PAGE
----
4. Covering with Greenhouse Plastic: Stretch high-quality greenhouse plastic sheets over the arches, securing them firmly at the edges. This step is pivotal in creating a controlled environment for your plants.

 Hoop House vs. Greenhouse: Best Crops

Crops for Hoop HousesCrops for Greenhouses
Bok ChoyOkra

What are Things To Remember Before Building a Hoop House or a Greenhouse?

What are Things To Remember Before Building a Hoop House or a Greenhouse

Here’s a condensed version of my personal experience and advice regarding these essential pre-construction considerations:

Groundwork and Preparation:

As I prepared to build my growing structure, whether it be a hoop house or a greenhouse, I knew that the foundation mattered greatly. First, I meticulously leveled the chosen site and removed any pesky weeds or unwanted plants that had taken root there. Ensuring proper drainage was also a key part of the groundwork to prevent waterlogged soil.

Planning for Greenhouses:

For the more intricate greenhouse, I quickly realized that extensive planning was in order. This involved selecting a suitable flooring material, typically soil, and the construction of walls necessitated a sturdy frame. Sourcing all the necessary materials and ensuring their availability before beginning construction was paramount.

Budget Considerations:

Budgeting was another crucial step. I took note of the one-time expenses for materials and construction, but I didn’t stop there. I also calculated ongoing costs such as energy consumption for the greenhouse, labor expenses, and other maintenance costs. Exploring grants offered by local governments for greenhouse construction was a worthwhile endeavor, especially if I met their requirements.

Site Selection:

Selecting the right site was a pivotal decision. I considered factors like prevailing wind directions, existing structures, the presence of shading elements, nearby trees, and the ease of access. These factors could significantly impact the success of my growing environment.

Best crop option : 

As I embarked on my gardening journey, I found myself faced with the exciting prospect of choosing the perfect crops for my enclosed growing spaces. Here’s a glimpse into my selection of crops for both my hoop house and greenhouse, each carefully chosen to thrive in their respective environments:

For hook house 

  • Radish
  • Turnip
  • Squash
  • Beets
  • Melon

For greenhouse 

  • Microgreens
  • Salads
  • Broccoli
  • Herbs
  • Carrots
  • Spinach

How to build up a greenhouse?

When it comes to greenhouses, I’ve discovered they serve a specific purpose exceptionally well. Greenhouses are primarily best suited for commercial retail endeavors, where the cultivation of plants outside of their typical growing season is essential.

Now, if you’re considering building your own greenhouse, here’s a glimpse into the process:

Size, Style, and Frame: Begin by selecting the size, style, and type of frame for your greenhouse.

Doors and Ventilation: Choose suitable greenhouse doors and a ventilation system to ensure proper air circulation.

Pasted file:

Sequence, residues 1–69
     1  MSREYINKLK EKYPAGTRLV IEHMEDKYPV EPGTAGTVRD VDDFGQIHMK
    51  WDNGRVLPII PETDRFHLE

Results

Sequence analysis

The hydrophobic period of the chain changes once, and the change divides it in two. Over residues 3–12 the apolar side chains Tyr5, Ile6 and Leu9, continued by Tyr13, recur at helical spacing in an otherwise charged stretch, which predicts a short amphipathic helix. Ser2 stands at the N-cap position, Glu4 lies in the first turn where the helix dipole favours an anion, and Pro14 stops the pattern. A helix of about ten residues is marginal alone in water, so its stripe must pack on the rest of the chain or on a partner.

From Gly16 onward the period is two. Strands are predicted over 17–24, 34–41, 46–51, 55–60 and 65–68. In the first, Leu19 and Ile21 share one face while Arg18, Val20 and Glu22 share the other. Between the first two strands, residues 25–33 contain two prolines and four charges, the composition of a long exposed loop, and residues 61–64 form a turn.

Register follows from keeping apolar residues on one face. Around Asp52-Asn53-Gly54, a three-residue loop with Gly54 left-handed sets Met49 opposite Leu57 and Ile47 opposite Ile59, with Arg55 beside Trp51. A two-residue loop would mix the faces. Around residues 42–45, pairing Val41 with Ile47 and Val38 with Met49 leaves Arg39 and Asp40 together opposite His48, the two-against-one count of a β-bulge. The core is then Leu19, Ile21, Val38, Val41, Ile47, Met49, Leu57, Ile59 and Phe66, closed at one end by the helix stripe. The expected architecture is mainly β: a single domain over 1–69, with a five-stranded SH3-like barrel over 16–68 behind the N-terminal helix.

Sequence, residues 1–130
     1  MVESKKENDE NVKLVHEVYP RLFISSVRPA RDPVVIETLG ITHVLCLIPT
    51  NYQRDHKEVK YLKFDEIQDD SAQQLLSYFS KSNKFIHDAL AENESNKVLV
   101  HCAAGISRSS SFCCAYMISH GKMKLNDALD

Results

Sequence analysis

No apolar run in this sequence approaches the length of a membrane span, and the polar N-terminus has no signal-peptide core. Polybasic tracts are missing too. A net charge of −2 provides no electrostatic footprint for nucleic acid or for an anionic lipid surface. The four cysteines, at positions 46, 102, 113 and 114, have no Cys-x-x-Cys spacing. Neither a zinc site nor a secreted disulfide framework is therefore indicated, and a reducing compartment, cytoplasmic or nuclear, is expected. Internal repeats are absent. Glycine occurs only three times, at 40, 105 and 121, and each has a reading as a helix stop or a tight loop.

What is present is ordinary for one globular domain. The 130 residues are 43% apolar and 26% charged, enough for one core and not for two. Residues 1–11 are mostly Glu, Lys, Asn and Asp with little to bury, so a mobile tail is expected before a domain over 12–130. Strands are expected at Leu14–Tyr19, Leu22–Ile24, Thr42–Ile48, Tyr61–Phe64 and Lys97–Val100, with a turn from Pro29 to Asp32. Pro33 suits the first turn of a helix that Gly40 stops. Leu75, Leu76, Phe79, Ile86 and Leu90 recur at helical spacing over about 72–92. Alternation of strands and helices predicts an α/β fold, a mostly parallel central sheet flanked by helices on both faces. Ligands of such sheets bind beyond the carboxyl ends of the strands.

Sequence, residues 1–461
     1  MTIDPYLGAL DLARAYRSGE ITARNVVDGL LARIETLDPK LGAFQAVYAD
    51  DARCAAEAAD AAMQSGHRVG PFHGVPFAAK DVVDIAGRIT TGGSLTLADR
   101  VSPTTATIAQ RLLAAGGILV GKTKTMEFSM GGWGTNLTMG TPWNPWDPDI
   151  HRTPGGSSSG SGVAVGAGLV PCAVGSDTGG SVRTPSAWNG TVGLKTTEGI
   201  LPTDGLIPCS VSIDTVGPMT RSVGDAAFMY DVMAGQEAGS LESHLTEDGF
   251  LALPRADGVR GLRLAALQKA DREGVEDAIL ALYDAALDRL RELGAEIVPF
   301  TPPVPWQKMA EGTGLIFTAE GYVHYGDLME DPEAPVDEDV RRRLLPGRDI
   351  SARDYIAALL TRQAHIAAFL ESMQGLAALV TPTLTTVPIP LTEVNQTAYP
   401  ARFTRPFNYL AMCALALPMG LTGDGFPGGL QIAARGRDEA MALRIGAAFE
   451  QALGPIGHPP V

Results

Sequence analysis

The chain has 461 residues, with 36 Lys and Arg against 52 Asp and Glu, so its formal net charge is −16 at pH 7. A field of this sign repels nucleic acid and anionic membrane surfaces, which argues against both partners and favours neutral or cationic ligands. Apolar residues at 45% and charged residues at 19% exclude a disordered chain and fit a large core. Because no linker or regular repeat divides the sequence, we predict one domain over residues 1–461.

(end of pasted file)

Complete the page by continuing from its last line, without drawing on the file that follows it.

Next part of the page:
Coverage: Decide on the type of covering material best suited for your greenhouse.

Heating and Cooling: Determine the appropriate heating and cooling systems necessary to maintain a stable climate.

Environmental Control: Develop a strategy for environmental control within the greenhouse.

Benches: Install benches to accommodate potted plants efficiently.

Materials: Order all the necessary materials in advance.


Is a hoop house as good as a greenhouse?

Hoop houses have their advantages, such as affordability and season extension, but they may not offer the same level of year-round control as greenhouses.

What is a hoop house in a greenhouse?

A hoop house is not typically found “in” a greenhouse. Instead, it’s a standalone structure similar to a greenhouse but with a simpler, arched frame covered in plastic for season extension.

What is the purpose of a hoop house?

The primary purpose of a hoop house is to extend the growing season, protect plants from frost, and create a controlled environment for improved plant growth.

What is the difference between a hoop house and a tunnel?

Hoop houses and tunnels are often used interchangeably, but tunnels are generally smaller and more basic, while hoop houses are larger and offer more robust season-extension capabilities.

Why is it called a hoop house?

It’s called a hoop house because of its distinctive arched frame structure, often made of hoops or pipes, that gives it its characteristic shape.


To sum up, in the quest to optimize our gardening endeavors, the choice between a hoop house and a greenhouse can significantly impact our success. Both structures offer unique advantages and cater to different needs.

Then,  once I found myself torn between the practicality of a hoop house and the sophistication of a greenhouse. The hoop house, with its affordability and suitability for extending the growing season, was a tempting option.

Furthermore,  its simplicity and cost-efficiency appealed to the pragmatist in me. On the other hand, the greenhouse, with its precise climate control and year-round cultivation possibilities, beckoned with promises of lush greenery even in the dead of winter.

Ultimately, my decision hinged on my gardening goals and available resources. If you’re aiming to extend your growing season, protect plants from frost, or cultivate crops with modest budget constraints, a hoop house might be your go-to choice.

 However, if you’re dreaming of year-round gardening, growing exotic species, or craving a controlled microclimate for your prized plants, a greenhouse might be the answer.